Parents angered over proposed changes to the admissions standards for universities, which they fear will favor students from outside their geographic region, have taken to the streets in protest in three provinces. Earlier this month, thousands of protesters gathered in cities in Hubei and Jiangsu provinces, Te-Ping Chen of The Wall Street Journal reports:
The admissions process is fraught with regional inequities. China’s best schools are located in wealthy cities such as Beijing and Shanghai, and those universities allocate larger quotas to local students.
In recent days, fears about shrinking quotas for local students had bubbled up in Jiangsu, one of China’s wealthier provinces, after authorities announced a change in the system. As part of a national scheme to try to boost more equity, provincial authorities said 38,000 slots in Jiangsu universities would be reserved for students from other provinces, including poorer regions such as Guizhou and Guangxi.
The move prompted a firestorm of concern that local students would be hurt in the process. “Jiangsu parents are well-educated, a lot of them are business people who are rich,” said Zhang Weiqi, founder of NextGen Parents, an education-focused social network for parents. “They have high expectations for their kids.” [Source]
He Huifeng at the South China Morning Post writes about the parents’ concerns and the existing inequalities with university admissions:
The parents were quoted by news website ThePaper.cn as saying that less than 10 per cent of local students in Jiangsu would be enrolled in local key universities while a student from Beijing had about a one in four chance.
They said they felt angry and confused why universities located in the national capital were allowed to reserve more spots for those students with a Beijing hukou, while students in Hubei and in Jiangsu had to make more room for non-local students.
The parents’ concerns were reasonable, according to Huang Wenzheng, a demographer and visiting scholar at Peking University’s Guanghua School of Management. The mainland’s college admissions system has long suffered from distortions caused by the residency control system.
Students who want to attent a university away from where they live must often score significantly higher than locals on the general entrance exam, as most schools give preference to residents. [Source]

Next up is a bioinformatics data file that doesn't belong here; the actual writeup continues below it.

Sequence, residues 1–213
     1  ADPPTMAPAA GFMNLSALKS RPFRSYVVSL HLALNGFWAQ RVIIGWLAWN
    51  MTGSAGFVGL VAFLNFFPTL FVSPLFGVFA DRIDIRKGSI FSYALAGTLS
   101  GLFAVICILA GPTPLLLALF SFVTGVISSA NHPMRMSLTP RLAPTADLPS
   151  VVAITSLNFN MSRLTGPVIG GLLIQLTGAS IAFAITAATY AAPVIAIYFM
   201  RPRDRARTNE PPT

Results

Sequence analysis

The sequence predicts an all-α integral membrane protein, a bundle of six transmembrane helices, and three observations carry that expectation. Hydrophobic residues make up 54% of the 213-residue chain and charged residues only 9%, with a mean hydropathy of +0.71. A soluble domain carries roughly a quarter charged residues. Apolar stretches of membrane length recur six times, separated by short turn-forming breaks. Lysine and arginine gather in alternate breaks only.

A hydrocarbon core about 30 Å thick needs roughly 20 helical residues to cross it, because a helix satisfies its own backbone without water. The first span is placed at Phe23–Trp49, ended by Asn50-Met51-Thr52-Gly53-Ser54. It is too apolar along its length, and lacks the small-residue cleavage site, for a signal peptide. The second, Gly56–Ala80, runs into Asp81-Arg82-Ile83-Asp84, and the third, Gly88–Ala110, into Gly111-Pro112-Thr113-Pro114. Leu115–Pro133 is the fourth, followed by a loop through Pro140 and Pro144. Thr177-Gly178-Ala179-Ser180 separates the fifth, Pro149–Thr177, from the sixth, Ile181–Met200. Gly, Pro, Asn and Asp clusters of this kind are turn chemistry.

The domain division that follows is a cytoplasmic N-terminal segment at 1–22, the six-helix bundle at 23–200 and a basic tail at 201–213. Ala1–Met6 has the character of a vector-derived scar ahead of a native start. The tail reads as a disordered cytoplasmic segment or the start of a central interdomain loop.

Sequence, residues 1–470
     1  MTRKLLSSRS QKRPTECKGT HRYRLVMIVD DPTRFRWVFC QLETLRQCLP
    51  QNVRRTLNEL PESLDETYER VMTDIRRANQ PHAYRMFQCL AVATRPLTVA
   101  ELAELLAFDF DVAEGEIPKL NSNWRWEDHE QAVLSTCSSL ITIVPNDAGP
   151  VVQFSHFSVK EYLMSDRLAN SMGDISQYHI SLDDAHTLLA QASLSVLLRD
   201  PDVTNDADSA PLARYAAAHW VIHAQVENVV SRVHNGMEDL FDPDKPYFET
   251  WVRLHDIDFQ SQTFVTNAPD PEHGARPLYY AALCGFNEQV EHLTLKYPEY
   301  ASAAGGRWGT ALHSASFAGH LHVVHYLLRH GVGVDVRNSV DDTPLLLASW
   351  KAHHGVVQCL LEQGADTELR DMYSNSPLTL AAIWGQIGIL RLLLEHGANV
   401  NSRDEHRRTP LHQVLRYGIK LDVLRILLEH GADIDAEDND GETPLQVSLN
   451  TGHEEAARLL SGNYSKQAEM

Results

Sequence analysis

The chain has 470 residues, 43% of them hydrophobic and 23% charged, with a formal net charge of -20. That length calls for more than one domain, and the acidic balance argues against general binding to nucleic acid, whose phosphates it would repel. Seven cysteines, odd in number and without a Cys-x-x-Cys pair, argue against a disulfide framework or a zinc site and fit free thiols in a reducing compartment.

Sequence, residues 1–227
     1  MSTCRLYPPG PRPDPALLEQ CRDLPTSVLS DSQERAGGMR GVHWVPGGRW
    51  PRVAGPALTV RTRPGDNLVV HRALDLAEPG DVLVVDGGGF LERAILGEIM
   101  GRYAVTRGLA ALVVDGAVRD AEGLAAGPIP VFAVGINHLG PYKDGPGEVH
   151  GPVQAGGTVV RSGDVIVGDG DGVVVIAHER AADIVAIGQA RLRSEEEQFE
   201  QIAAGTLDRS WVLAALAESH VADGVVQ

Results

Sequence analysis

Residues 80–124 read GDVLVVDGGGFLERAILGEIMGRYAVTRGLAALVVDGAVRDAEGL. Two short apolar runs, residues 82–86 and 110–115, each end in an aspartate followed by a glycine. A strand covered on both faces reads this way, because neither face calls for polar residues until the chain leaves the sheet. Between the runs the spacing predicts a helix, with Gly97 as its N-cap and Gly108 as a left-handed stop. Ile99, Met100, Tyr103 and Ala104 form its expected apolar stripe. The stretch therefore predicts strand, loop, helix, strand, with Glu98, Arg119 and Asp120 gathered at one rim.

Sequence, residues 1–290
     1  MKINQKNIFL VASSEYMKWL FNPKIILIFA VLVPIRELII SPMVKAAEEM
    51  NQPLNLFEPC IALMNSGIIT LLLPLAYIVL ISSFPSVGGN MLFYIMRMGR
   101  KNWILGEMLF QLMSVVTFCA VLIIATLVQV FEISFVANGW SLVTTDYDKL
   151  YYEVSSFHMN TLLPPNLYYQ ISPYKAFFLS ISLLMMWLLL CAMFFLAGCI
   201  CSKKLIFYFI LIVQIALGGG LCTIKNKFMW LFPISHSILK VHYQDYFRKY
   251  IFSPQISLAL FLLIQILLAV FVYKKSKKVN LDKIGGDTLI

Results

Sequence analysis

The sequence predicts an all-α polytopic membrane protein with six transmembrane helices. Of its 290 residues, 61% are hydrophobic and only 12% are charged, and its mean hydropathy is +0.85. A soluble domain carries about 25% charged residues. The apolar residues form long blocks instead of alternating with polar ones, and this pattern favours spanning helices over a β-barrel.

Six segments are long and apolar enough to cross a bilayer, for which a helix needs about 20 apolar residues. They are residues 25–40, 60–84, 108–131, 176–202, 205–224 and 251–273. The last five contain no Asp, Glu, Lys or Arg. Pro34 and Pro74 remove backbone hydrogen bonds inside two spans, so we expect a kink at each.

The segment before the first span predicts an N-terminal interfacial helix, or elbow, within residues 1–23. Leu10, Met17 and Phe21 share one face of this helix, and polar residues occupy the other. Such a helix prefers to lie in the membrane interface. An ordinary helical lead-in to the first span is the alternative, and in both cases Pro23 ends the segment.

Soon after the protests erupted, the government issued a response indicating that the reforms were intended to make education access more equitable for students from poorer regions of the country, who traditionally are at a disadvantage when applying to schools in wealthier regions. Shi Jiangtao at the South China Morning Post reports:
Hours after thousands of parents took to the streets in Nanjing and Wuhan, the Ministry of Education said late on Saturday night that admissions resulting from college entrance exams in all provinces would steadily increase this year.
The statement was aimed at easing parents’ fears that a move to allocate enrolment quotas for non-local students would make it more difficult for their children to find places close to home.
Both the ministry and authorities in Jiangsu and Hubei insisted the quotas were aimed at making tertiary education more equitable and would benefit students from less developed inland provinces.
Zhang Wei, a resident of Wuxi in Jiangsu, said despite the ministry’s reassurances, he remained worried that his son, who takes the college entrance exam next month, might be affected. [Source]
On Monday, the protests spread to a third province, Henan, where parents expressed similar concerns:
Some Henan residents issued an open letter to the State Council, calling for standardised university entrance system.
In 2013, 758,000 students in Henan vied for 85 spots at Peking University, one of the top universities in the country, while 73,000 students in Beijing competed for 226 positions, the letter says.
“While Beijing students got into universities, many Henan students who earned the same scores in their entrance exams could not even get into a college, and became migrant workers,” the letter says.
Xiong Bingqi, deputy director of the 21st Century Education Research Institute, said the protests indicated simply adjusting the quotas would not be enough to solve the problem. [Source]
The gaokao college entrance exam, which for many students is their one and only opportunity to be admitted to university, has come under fire in recent years for the intense psychological pressure it puts on students and for the inequality—and corruption—it fosters in the higher education system. Chinese education expert Jiang Xueqin has described the gaokao as, “essentially a lot of people trying to push each other away so that they can squeeze into the door of elite college admissions.”
Reforms announced in 2014 aimed to make the exam itself more equitable for students from diverse geographical regions and socio-economic backgrounds. However, many critics believe that only abandoning the gaokao system can instill systemic change. Popular columnist Tang Yinghong has published an essay (in Chinese) titled, “Why Do People Think the Gaokao is a Fair Examination?” in which he states that his view that “the college entrance examination system was, from the beginning, built on a foundation of injustice.”
Read more about the gaokao system, via CDT.